Biosimilars. The ACA also created a framework for the approval of follow-on biologics, or biosimilars, following the expiration of 12 years of exclusivity for the innovator biologic, with a potential six-month pediatric extension. The FDA is responsible for implementation of the legislation, which will require the FDA to address such key topics as the type and extent of data needed to establish biosimilarity; the data required to achieve interchangeability compared to biosimilarity; the naming of biosimilars; the implications of having or not having unique names; the tracking and tracing of adverse events; and the acceptability of data from an ex-U.S. licensed reference product comparator to demonstrate biosimilarity and/or interchangeability. The FDA has begun to address some of these issues with its recent release of three draft guidance documents. Specifically, the FDA has clarified that biosimilar applicants may use a non-U.S. licensed comparator in certain studies to support a demonstration of biosimilarity to a U.S.-licensed reference product.
Pfizer is developing biosimilar medicines. Leveraging our expertise in biologics, and our regulatory, commercial, and manufacturing strengths, we will seek to provide high-quality, safe and effective biosimilars that provide patients and prescribers with additional treatment options and expand access by offering high-quality, more affordable alternatives for biologic medicines.
The budget proposal submitted to Congress by President Obama in February 2012 includes a provision that would reduce the base exclusivity period for a biologics product from 12 years to seven years. There is no corresponding pending bill designed to amend the ACA to alter the biologics provisions.
Medicaid and Related Matters. Federal law requires branded pharmaceutical companies to provide rebates to state Medicaid agencies. The ACA brought about major changes in the Medicaid program. Collectively, the measures (i) increased federal rebates paid by manufacturers on branded drugs within the traditional Medicaid program from 15.1% to 23.1%, and for generic drugs from 11% to 13% of Average Manufacturer Price (AMP); (ii) expanded Medicaid drug rebates to cover drugs provided through managed Medicaid plans; and (iii) changed the rebate rates for line extensions or new formulations of solid oral dosage form drugs. Post-implementation of ACA, the Centers for Medicare and Medicaid Services (CMS) withdrew its former, detailed AMP-calculation rules, and new CMS AMP guidance is still pending publication (now expected in 2012). The law also creates a federal upper limit under the Medicaid program for generic drugs at 175% of AMP. In addition, the law expanded the types of entities eligible for the Section 340B discounts for outpatient drugs that began in 2010.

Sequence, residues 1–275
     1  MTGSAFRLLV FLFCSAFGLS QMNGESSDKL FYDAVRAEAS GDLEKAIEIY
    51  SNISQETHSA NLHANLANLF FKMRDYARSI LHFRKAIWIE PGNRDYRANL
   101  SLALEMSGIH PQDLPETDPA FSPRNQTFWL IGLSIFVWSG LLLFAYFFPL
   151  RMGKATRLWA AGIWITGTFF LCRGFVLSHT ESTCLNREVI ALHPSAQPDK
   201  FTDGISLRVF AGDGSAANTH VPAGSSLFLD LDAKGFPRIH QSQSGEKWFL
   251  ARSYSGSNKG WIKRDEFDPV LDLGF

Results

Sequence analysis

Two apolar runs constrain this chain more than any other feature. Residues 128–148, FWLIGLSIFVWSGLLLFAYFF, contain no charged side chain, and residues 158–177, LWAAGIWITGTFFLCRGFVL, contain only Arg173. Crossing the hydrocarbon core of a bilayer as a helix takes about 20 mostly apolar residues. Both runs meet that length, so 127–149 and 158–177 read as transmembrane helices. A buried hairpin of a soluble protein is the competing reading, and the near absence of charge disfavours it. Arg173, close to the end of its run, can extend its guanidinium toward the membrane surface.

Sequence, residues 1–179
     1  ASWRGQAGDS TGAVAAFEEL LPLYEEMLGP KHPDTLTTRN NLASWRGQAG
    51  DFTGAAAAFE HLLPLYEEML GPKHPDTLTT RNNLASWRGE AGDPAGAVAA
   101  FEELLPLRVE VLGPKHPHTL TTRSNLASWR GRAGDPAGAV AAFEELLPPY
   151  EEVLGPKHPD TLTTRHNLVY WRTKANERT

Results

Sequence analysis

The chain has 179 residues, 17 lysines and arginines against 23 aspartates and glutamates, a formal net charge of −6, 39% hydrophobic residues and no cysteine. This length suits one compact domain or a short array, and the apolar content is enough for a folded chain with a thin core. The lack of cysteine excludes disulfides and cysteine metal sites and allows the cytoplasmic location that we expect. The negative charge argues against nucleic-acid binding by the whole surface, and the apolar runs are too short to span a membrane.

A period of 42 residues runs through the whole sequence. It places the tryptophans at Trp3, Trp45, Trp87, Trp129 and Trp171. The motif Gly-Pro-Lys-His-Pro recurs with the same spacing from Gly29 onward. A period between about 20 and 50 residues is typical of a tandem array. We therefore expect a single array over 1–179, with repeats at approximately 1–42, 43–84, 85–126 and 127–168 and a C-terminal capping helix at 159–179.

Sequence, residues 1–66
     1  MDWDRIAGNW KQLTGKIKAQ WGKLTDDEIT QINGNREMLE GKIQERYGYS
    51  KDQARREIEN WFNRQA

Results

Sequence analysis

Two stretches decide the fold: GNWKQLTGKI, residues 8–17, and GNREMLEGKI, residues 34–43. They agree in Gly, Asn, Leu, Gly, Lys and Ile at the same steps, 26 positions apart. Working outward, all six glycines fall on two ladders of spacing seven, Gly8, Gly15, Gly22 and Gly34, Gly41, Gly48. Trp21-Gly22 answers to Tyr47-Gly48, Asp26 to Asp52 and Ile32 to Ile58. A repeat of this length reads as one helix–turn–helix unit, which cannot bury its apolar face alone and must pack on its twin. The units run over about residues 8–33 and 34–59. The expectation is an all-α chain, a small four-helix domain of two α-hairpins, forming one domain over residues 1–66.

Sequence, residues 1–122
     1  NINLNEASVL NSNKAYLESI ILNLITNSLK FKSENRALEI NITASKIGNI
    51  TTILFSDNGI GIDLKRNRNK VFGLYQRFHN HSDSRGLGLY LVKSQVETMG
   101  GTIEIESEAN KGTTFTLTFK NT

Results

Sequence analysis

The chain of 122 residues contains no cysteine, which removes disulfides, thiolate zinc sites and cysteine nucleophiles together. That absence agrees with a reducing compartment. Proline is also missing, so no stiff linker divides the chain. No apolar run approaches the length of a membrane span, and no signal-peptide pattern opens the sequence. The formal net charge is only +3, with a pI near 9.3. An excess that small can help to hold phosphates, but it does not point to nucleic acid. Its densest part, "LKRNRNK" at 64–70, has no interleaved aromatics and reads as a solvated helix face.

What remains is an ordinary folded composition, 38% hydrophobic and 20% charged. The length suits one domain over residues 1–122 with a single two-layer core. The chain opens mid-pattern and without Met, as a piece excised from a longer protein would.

The majority of states use preferred drug lists to restrict access to certain medicines to Medicaid beneficiaries. Restrictions exist for some Pfizer products in certain states. Access in the Medicaid managed care program is typically determined by the health plans providing coverage for Medicaid recipients contracting for the provision of services in the state. Given states current and potential ongoing fiscal crises, a growing number of states are considering a variety of cost-control strategies, including capitated managed care plans that typically contain cost by restricting access to certain treatments.
The ACA expands Medicaid coverage in 2014. It is expected that 16 million additional people will be enrolled in Medicaid by 2019.
We also must give discounts or rebates on purchases or reimbursements of pharmaceutical products by certain other federal and state agencies and programs. See the discussion regarding rebates in the Analysis of the Consolidated Statement of Income Revenues Overview section of the MD&A in our 2011 Financial Report and in the Notes to Consolidated Financial Statements Note 1G. Significant Accounting Policies Revenues in our 2011 Financial Report, which discussions are incorporated by reference.
PDUFA Reauthorization. The Prescription Drug User Fee Act (PDUFA) was first enacted in 1992 to provide the FDA with additional resources to speed the review of important new medicines. Prior to PDUFA, inadequate funding of the FDA drug review process led to a backlog of application reviews and lengthy review times. PDUFA revolutionized the review process for new drugs and biologics without compromising high approval standards for demonstration of product safety, quality and efficacy. PDUFA sunsets every five years and must be reauthorized by Congress. PDUFA IV will expire in September 2012. The proposed PDUFA V reauthorization is the product of months of stakeholder discussion between the FDA, industry, patient groups and consumers. The PDUFA V agreement focuses on three areas: Modernizing Regulatory Science, Review Process Enhancements, and Strengthening Post-Market Safety Surveillance, with the goal of supporting agency scientific capabilities and improving process efficiencies. Pfizer supports the PDUFA V reauthorization in order to foster an innovation-supportive regulatory environment and to ensure that the FDA is properly equipped to evaluate important new medicines in a timely and predictable fashion.